Freethoughts: Atheism, Secularism, Humanism – Selected Egotistically from “The Freethinker”


by Barbara Smoker

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BARBARA SMOKER, born into a devout Roman Catholic family in London in 1923, was brain-washed by her convent education, which left her with the ambition to become a nun. But wartime service in the Women’s Royal Naval Service in multi-credal Ceylon gave her the opportunity to re-think her religious assumptions. After the war she thought and read a lot about religion, and the more she thought and read the less she was able to believe. Finally renouncing Christianity in 1949, she joined the secular humanist movement, later becoming active in the Campaign for Nuclear Disarmament, the Committee of 100, Vietnam and other war protests (including an illicit speech from the public gallery of the House of Commons), prison reform, ‘squatting’ homeless families, women’s equality, and gay rights.

As president of the National Secular Society from 1971 to 1996, she represented the atheist viewpoint in print, on lecture platforms and soap-boxes, in speaking tours, in university debates, and on radio and TV. From 1981 to 1985 she chaired the Voluntary Euthanasia Society, and she compiled a book on that subject (published by Peter Owen). Other writings include ‘Humanism’ – a book for use in secondary schools – first published in 1973 (6th edition, 2013); a book of satirical verse, ‘Good God!’ (1977); a cassette script, ‘Atheism on a Soap-Box’; and a pamphlet on embryo research, ‘Eggs Are Not People’, which was distributed to all Members of Parliament in 1985. The same year she recorded a radio talk, ‘Why I Am an Atheist’, for the BBC World Service.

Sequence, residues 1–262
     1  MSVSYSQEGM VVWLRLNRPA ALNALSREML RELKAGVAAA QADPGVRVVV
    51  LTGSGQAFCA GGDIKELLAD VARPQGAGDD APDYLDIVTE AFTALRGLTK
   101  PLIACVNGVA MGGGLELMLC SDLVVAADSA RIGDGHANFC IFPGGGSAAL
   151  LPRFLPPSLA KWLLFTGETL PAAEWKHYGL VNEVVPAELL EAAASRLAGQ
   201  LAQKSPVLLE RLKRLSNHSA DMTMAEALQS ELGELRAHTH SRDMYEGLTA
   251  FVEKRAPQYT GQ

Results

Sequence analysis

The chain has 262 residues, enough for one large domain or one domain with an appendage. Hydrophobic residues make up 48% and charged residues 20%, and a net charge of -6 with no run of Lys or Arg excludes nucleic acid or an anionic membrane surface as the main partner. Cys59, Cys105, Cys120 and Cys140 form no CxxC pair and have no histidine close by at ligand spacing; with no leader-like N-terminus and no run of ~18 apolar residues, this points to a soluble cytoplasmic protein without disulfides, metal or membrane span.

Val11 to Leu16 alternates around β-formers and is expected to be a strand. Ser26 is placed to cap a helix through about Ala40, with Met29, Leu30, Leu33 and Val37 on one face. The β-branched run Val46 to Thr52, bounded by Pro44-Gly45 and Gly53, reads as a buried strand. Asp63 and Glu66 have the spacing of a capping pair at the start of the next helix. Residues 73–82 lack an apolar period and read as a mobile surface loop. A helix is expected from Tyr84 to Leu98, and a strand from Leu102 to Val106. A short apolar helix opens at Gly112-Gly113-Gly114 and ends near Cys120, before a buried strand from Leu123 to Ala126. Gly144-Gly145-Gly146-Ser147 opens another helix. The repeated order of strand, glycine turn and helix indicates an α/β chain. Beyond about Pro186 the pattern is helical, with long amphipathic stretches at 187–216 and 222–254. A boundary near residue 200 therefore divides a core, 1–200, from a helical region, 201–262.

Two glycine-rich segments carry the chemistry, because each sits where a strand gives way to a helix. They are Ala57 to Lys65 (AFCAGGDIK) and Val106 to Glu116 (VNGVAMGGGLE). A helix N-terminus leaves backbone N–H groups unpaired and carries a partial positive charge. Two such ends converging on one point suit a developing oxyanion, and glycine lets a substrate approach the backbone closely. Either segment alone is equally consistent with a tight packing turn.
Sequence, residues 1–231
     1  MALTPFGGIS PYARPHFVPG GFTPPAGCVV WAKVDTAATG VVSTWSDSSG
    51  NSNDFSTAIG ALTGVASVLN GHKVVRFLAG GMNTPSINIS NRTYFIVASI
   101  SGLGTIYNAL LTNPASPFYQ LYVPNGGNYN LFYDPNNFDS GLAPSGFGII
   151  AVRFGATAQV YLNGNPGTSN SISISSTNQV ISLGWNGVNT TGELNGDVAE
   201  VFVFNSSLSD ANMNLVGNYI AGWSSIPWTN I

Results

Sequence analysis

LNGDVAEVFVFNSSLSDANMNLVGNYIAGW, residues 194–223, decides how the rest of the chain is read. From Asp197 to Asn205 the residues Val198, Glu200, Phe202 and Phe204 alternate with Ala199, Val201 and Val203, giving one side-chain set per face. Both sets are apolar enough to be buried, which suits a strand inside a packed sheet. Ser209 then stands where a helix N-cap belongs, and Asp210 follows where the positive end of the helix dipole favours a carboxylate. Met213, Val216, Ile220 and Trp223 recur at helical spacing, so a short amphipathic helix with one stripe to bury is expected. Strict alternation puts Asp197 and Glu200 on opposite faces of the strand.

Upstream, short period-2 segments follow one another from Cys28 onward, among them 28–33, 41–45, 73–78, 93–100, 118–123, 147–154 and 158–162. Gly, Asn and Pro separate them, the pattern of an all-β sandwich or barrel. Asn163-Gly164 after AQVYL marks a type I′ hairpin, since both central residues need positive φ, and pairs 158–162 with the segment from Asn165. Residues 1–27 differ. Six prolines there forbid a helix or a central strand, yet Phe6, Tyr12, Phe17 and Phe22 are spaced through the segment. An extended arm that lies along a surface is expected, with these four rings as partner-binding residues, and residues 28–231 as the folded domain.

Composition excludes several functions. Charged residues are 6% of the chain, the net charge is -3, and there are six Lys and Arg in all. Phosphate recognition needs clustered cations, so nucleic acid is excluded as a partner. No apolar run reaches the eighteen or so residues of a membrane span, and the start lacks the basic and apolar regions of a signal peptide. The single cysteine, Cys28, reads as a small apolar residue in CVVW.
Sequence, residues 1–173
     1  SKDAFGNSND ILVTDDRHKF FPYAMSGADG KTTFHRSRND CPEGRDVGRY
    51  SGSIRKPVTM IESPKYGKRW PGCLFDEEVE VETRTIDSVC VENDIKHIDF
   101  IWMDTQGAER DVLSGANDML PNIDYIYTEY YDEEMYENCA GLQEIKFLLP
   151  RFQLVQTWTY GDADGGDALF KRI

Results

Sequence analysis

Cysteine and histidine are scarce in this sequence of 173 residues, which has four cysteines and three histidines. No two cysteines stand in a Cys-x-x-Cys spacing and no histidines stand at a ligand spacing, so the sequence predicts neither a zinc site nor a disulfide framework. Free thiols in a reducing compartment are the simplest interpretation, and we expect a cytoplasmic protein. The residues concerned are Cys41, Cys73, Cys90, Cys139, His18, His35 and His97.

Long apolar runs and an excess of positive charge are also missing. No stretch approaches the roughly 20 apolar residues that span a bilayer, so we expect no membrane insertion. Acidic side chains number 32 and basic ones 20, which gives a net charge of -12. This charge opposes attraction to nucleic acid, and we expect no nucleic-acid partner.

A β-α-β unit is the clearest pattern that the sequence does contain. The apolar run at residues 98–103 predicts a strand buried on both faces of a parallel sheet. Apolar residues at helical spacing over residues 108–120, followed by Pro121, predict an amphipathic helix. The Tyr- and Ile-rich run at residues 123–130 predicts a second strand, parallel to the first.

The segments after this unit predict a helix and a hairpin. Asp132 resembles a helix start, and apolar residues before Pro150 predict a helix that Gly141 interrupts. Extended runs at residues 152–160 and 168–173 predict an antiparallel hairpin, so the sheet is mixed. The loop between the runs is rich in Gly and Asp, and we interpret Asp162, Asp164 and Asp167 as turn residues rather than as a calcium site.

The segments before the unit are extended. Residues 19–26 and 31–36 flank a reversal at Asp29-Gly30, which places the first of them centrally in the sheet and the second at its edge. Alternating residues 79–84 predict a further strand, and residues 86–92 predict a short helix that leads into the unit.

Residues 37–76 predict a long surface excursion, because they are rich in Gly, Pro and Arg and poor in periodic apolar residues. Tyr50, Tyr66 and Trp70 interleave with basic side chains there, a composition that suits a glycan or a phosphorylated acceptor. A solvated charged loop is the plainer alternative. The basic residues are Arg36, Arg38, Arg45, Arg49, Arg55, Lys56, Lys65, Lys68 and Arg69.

This volume of articles, a personal selection from ‘The Freethinker’, covers three-and-a-half decades, from 1966 to 2002 (somewhat intermittently) -beginning with the final emergence of the author’s mature views on religion and bio-ethics and continuing into her eightieth year.

The contemporary scene on which she comments from that perspective includes unprecedented scientific progress, a remarkable transformation of the supposedly immutable RC Church, the decline of other mainstream Churches alongside the upsurge of fundamentalism, the rise of New Age cults, and the growing threat of extremism in Britain.